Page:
The determinants of currency risk management in Latin American nonfinancial firms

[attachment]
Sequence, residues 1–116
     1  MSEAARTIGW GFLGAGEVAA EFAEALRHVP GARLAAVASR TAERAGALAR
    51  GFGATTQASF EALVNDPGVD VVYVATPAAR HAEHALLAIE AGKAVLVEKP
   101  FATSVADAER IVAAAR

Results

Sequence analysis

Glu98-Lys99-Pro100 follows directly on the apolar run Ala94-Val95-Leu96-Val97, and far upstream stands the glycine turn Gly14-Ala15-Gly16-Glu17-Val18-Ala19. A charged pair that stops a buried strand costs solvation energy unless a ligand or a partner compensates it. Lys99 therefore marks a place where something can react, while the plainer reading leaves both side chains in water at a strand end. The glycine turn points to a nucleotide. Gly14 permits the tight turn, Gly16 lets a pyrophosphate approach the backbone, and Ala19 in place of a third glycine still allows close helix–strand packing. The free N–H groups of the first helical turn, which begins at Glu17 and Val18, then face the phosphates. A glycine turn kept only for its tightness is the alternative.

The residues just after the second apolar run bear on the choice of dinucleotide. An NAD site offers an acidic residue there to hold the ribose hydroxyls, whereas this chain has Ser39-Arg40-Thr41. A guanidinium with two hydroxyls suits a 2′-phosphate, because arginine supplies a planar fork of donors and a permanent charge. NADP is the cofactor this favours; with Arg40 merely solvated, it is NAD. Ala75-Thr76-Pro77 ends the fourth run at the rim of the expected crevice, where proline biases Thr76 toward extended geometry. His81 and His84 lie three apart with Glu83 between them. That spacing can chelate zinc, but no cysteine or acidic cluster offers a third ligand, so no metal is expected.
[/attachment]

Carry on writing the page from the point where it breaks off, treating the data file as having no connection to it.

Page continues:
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This paper investigates the determinants of currency risk management in nonfinancial firms in Argentina, Brazil, Chile, and Mexico, based on a panel data sample of firms that list as American depositary receipts from 2001 to 2004. Our evidence indicates that derivatives held for hedging purposes can yield cash flows of the same order of magnitude of capital expenditures, operational earnings, and financial expense, unlike what was previously found by Guay and Kothari (2003) for U.S. firms. We study not only the decision to use derivatives, but also the magnitude of derivatives holdings and the importance of operational hedging in firms' risk management strategies. We find that economies of scale, financial distress costs, informational asymmetry, and growth opportunities are important for risk management decisions, and that firms do not hedge because of potential tax benefits.

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